As we prepare for the dawn of the UN Decade of Ecosystem Restoration (2021-2030), Canada has an opportunity to lead the world in recovering wildlife, restoring their habitats and showing why this matters to our economy and well-being. Restoring wildlife takes time, but our Canadian collection of conservation successes is growing. Here are five small successes where the efforts of NCC and our partners have directly supported an official change in the status of at-risk wildlife species in Canada. These successes should inspire us all.

Click on the images in the slide show below for more information.

  • Rocky Mountain tailed frog (Photo by neilpaprocki/iNaturalist CC BY-NC)
    Click on the image to enlarge.
    Rocky Mountain tailed frog (Photo by neilpaprocki/iNaturalist CC BY-NC)
  • Western blue flag (Photo by Tim Messick/iNaturalist CC BY-NC)
    Click on the image to enlarge.
    Western blue flag (Photo by Tim Messick/iNaturalist CC BY-NC)
  • Prairie skink (Photo from Wikimedia Commons)
    Click on the image to enlarge.
    Prairie skink (Photo from Wikimedia Commons)
  • Small white lady's slipper (Photo by Eric Soehren/iNaturalist CC BY-NC)
    Click on the image to enlarge.
    Small white lady's slipper (Photo by Eric Soehren/iNaturalist CC BY-NC)
  • Lake Erie watersnake (Photo by NCC)
    Click on the image to enlarge.
    Lake Erie watersnake (Photo by NCC)

 

Sources

1.Ellis EC, Klein Goldewijk K, Siebert S, Lightman D, Ramankutty N. Anthropogenic transformation of the biomes, 1700 to 2000. Global ecology biogeography. 2010;19(5):589-606.

2.Watson J, Venter O, Lee L, Jones KR, Robinson J, Possingham H, et al. Protect the last of the wild. Nature. 2018;563:27-30.

3.Jones KR, Klein CJ, Halpern BS, Venter O, Grantham H, Kuempel CD, et al. The location and protection status of Earth’s diminishing marine wilderness. Current Biology. 2018;28(15):2506-12. e3.

4.Pimm SL, Brooks TM. The sixth extinction: How large, where, and when. In: Raven PH, editor. Nature and Human Society: The Quest for a Sustainable World. Washington DC: National Academies; 2000.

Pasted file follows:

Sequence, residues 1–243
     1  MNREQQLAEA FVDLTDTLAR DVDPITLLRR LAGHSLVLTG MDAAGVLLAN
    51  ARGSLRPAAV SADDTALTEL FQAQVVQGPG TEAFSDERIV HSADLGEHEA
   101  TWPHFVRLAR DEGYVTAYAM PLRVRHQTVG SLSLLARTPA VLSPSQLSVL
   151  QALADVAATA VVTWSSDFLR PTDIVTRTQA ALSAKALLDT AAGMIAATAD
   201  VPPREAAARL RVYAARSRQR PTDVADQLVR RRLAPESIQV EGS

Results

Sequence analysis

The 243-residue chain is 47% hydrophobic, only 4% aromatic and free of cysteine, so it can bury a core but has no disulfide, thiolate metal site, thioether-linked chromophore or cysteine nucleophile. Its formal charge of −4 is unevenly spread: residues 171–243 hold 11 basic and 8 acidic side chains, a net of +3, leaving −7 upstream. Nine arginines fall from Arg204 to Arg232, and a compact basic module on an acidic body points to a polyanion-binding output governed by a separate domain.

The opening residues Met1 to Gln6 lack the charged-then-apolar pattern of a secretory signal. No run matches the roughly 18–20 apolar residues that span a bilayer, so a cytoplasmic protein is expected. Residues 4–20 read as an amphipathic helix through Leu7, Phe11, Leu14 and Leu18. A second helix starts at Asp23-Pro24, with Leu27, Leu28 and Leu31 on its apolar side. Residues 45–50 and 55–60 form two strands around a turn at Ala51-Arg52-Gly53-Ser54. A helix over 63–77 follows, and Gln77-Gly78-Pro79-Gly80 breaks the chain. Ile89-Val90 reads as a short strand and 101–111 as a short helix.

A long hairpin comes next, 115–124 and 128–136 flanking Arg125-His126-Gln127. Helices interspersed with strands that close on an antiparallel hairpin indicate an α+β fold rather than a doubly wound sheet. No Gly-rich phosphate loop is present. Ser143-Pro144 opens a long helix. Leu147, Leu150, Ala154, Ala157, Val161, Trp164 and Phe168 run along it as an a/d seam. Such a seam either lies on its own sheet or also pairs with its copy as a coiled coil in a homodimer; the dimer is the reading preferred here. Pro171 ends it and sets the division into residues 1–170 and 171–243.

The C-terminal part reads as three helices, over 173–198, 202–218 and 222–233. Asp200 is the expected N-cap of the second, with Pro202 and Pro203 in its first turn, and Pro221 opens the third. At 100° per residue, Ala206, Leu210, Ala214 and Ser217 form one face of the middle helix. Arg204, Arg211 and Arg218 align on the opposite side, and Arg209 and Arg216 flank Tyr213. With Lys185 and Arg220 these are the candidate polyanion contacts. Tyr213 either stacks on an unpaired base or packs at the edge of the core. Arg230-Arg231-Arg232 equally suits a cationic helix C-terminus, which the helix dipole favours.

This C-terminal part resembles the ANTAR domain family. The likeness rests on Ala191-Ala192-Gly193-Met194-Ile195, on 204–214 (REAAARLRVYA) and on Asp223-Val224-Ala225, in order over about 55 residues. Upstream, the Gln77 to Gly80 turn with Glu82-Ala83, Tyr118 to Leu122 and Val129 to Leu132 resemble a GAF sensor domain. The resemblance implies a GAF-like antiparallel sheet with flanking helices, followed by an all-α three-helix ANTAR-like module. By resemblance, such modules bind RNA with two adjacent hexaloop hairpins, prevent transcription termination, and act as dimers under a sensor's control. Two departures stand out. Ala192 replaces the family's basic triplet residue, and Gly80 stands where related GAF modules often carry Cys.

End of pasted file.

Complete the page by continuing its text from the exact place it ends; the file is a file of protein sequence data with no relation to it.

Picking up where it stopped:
5.May RM, Lawton JH. Extintion rates: Oxford University Press; 1995.

6.De Vos JM, Joppa LN, Gittleman JL, Stephens PR, Pimm SL. Estimating the normal background rate of species extinction. Conservation Biology. 2015;29(2):452-62.

7.IUCN. The IUCN Red List of Threatened Species: International Union for Conservation of Nature; 2018 [Available from: https://www.iucnredlist.org/.

8.World Wildlife Fund. Living Planet Report - 2018: Aiming Higher. Gland, Switzerland.: WWF; 2018.

9.Steffen W, Rockström J, Costanza R. How Defining Planetary Boundaries Can Transform Our Approach to Growth. Solutions. 2011;2(3):59-65.

10.Davis M, Faurby S, Svenning JC. Mammal diversity will take millions of years to recover from the current biodiversity crisis. Proc Natl Acad Sci U S A. 2018;115(44):11262-7.

11.COSEWIC. Canadian Wildlife Species at Risk. Committee on the Status of Endangered Wildlife in Canada; 2018.

12.Canadian Endangered Species Conservation Councill. Wild Species 2015: The General Status of Species in Canada. Ottawa: National General Status Working Group; 2016.

Dan Kraus

About the Author

Dan Kraus is NCC's National conservation biologist.